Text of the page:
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A House Divided: 2 Democratic Delegates Remain Split Ahead Of Convention


A bruising presidential primary has left some bad blood between Democrats Hillary Clinton and Bernie Sanders. But perhaps the candidates' supporters can do what they have not done and patch things up. NPR's Sam Sanders spoke with two delegates to this month's Democratic convention, one who's for Clinton and the other, who's for Sanders.

SAM SANDERS, BYLINE: The two delegates talked to me from Los Angeles, so of course my first question was about their drive.

How was traffic?


DALLAS FOWLER: Traffic wasn't - it was...

C. FOWLER: It was mild for her. She didn't do anything (laughter).

D. FOWLER: Yeah, she picked me up, so I...

SANDERS: Yes, one of them picked the other one up because one of them is the other one's child.

D. FOWLER: So I'm Dallas Fowler. I am an elected district-level delegate for Senator Bernie Sanders.

C. FOWLER: And I am Carolyn Fowler, elected district-level delegate for Senator Hillary Clinton.

SANDERS: Carolyn is a mom. Dallas is the daughter. The two of them together are a Democratic house divided. The divisions between them became clear early on in this campaign.

D. FOWLER: After the first debate, I was like, oh, you know what? I'm with this guy. I like this guy. I think my mom was more of the - all that sounds good, but can it be done?

SANDERS: Did you guys argue about it?

D. FOWLER: When you look...

C. FOWLER: Oh, definitely.

D. FOWLER: Oh, oh, yes.

C. FOWLER: Let me address that.


SANDERS: As I spoke with them, I could hear it. These two know how to argue with each other. Take paying for college.

C. FOWLER: She thinks it should be free for everyone. I think if your parents are billionaires, you don't need free college.

D. FOWLER: Well, no because public school is public school.

SANDERS: Here's the thing. Even though Bernie Sanders is mathematically shut out of the nomination, Dallas says it doesn't matter.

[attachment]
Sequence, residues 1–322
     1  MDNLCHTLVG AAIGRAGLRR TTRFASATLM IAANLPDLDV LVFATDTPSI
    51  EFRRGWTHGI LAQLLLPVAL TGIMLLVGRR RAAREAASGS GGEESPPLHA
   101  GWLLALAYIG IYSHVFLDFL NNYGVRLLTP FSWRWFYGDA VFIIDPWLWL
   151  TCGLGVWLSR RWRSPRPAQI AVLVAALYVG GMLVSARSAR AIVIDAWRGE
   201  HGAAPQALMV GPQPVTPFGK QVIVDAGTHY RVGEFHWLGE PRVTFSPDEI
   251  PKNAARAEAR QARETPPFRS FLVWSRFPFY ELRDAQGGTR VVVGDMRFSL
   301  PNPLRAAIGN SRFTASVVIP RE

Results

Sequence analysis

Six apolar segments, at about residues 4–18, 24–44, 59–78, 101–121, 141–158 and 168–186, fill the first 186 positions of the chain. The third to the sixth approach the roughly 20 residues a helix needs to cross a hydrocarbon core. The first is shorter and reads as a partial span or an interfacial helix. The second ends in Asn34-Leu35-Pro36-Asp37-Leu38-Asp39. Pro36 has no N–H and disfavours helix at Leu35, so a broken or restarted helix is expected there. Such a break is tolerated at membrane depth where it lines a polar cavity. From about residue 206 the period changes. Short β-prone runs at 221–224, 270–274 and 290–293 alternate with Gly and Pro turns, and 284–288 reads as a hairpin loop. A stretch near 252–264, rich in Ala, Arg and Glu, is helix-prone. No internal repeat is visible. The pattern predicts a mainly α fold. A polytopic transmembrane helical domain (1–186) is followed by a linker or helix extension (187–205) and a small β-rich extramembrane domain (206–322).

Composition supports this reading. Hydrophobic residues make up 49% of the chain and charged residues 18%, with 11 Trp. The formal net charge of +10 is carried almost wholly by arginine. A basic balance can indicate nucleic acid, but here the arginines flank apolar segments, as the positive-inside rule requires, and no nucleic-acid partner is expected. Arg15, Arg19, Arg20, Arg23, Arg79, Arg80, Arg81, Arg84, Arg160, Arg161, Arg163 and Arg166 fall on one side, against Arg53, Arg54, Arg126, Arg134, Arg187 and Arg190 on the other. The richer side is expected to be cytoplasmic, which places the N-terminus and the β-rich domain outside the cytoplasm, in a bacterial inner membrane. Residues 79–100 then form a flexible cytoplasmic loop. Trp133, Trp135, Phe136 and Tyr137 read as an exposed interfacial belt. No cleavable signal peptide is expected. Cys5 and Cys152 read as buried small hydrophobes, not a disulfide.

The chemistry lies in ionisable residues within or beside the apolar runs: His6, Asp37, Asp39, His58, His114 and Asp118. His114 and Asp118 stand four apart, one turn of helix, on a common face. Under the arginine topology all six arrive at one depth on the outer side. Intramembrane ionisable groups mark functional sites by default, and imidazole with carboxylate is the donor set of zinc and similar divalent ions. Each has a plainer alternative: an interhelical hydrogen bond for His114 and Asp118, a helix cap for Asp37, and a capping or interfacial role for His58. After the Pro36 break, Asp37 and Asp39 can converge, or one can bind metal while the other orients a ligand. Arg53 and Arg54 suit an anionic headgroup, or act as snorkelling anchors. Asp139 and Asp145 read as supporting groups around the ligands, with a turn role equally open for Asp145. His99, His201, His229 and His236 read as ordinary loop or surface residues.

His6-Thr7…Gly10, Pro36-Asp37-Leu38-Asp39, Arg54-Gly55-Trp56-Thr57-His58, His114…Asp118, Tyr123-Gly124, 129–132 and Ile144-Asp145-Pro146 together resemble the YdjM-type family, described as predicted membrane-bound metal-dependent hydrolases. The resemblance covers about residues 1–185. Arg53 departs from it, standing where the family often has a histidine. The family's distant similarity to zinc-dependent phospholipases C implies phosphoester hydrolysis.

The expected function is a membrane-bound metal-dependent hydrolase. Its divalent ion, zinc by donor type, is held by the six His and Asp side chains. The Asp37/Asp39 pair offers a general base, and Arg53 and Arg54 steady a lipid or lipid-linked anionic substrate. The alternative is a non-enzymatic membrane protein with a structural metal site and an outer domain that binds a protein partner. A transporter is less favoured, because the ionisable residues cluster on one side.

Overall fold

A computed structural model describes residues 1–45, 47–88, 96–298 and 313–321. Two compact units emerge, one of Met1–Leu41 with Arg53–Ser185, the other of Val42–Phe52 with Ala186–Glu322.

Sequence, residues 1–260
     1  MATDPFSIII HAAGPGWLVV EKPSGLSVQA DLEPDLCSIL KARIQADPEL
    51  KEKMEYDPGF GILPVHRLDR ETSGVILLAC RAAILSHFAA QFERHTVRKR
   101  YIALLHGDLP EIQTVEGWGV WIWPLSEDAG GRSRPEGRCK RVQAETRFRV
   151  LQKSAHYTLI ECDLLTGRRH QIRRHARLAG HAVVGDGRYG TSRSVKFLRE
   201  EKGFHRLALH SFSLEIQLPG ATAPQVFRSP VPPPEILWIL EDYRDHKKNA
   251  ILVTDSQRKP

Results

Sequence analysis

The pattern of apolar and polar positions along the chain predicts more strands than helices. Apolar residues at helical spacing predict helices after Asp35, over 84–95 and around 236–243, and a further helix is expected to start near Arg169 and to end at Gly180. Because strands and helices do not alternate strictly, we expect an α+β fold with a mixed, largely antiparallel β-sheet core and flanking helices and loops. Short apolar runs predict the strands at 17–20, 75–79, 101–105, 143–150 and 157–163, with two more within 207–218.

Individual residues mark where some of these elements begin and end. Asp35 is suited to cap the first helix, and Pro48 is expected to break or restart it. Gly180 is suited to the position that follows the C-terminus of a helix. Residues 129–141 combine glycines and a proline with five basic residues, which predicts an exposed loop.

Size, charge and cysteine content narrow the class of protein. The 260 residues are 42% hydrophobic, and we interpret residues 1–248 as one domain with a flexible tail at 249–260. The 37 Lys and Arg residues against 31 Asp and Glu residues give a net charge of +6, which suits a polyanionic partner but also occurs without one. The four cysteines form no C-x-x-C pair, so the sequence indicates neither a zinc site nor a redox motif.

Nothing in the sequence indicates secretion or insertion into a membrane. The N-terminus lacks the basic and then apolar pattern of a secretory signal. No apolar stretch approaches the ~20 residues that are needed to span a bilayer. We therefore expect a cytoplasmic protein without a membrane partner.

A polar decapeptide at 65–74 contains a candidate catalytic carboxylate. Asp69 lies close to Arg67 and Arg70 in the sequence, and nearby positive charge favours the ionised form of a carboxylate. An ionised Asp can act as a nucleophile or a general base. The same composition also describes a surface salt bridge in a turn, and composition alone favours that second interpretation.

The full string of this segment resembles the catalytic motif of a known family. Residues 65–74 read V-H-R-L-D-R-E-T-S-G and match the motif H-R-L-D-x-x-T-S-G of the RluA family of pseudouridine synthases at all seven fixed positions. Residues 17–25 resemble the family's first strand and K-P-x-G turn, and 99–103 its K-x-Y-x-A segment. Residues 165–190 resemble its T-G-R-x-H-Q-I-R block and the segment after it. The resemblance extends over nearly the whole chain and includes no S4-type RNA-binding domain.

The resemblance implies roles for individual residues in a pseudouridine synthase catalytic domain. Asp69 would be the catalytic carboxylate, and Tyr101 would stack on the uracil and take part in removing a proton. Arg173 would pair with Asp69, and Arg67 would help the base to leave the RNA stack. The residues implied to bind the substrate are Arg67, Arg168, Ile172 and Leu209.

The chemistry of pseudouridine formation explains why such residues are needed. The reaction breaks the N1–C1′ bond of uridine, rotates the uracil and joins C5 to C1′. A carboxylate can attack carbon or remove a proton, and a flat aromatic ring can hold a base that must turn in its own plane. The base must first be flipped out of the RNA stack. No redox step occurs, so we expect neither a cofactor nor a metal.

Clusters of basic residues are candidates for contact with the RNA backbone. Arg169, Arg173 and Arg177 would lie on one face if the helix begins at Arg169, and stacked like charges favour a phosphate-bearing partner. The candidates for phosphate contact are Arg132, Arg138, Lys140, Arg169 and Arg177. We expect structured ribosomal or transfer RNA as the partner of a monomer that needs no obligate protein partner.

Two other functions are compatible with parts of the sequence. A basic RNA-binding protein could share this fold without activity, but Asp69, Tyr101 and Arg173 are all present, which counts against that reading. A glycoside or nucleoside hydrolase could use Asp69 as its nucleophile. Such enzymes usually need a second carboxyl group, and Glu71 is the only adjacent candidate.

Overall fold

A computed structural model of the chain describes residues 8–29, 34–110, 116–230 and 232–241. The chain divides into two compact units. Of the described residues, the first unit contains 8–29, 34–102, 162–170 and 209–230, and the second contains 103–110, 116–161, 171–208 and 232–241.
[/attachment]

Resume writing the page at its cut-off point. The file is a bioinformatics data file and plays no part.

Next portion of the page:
D. FOWLER: I'm only casting a ballot for Senator Bernie Sanders. That is what I was elected to do.

C. FOWLER: I believe that on the first ballot, Senator Clinton has the votes to win (laughter).

D. FOWLER: Well, we'll find out, and that's...

SANDERS: Dallas says she's still holding out for changes in the party platform.

D. FOWLER: I would love to see them include some language saying that they will not bring TPP to a vote in a lame duck Congress.

SANDERS: That's the Trans-Pacific Partnership trade agreement which Sanders vehemently opposes. Dallas also wants some language on fracking.

D. FOWLER: Hydraulic fracturing - I would love to see something in terms of a freeze or a ban.

SANDERS: There's already been some movement to the left. Just this week Hillary Clinton announced a plan to make in-state public college free for families making less than $125,000 a year. For all their divisions, mother Carolyn says she is just as progressive as her Bernie-Sanders-supporting daughter.

C. FOWLER: I do support the $15 minimum wage. Actually I think it should be 20. I do support early childhood education. I think the college debt is way out of control, and...

SANDERS: The biggest difference, she says, between her and her daughter is their different approaches to getting things done. Carolyn, like Clinton, is OK with a slower pace of change.

C. FOWLER: How do we negotiate to get maybe some first steps towards the goal if not everything?

SANDERS: Her daughter Dallas, like Bernie Sanders, sees that approach as a compromise.

D. FOWLER: I don't want to start negotiating from behind. I'm going to negotiate from where we should be.

SANDERS: The challenge for the Democratic Party at the convention will be to unite voters like Carolyn and Dallas - young ones who voted in large numbers for Bernie Sanders and older ones like Carolyn who are supporting Hillary Clinton. Carolyn does say, however bad things seem now, it is not as bad as it was eight years ago.

C. FOWLER: This is not my first day at the rodeo. The discord between Hillary and Barack was far worse, far worse. You don't know.

SANDERS: At the end of our interview, Dallas said she wanted to make sure one more thing made it into this story. She told me, quote, "we still love each other most of the time." Sam Sanders, NPR News. Transcript provided by NPR, Copyright NPR.

Sam worked at Vermont Public Radio from October 1978 to September 2017 in various capacities – almost always involving audio engineering. He excels at sound engineering for live performances.
Sam Sanders
Sam Sanders is a correspondent and host of It's Been a Minute with Sam Sanders at NPR. In the show, Sanders engages with journalists, actors, musicians, and listeners to gain the kind of understanding about news and popular culture that can only be reached through conversation. The podcast releases two episodes each week: a "deep dive" interview on Tuesdays, as well as a Friday wrap of the week's news.
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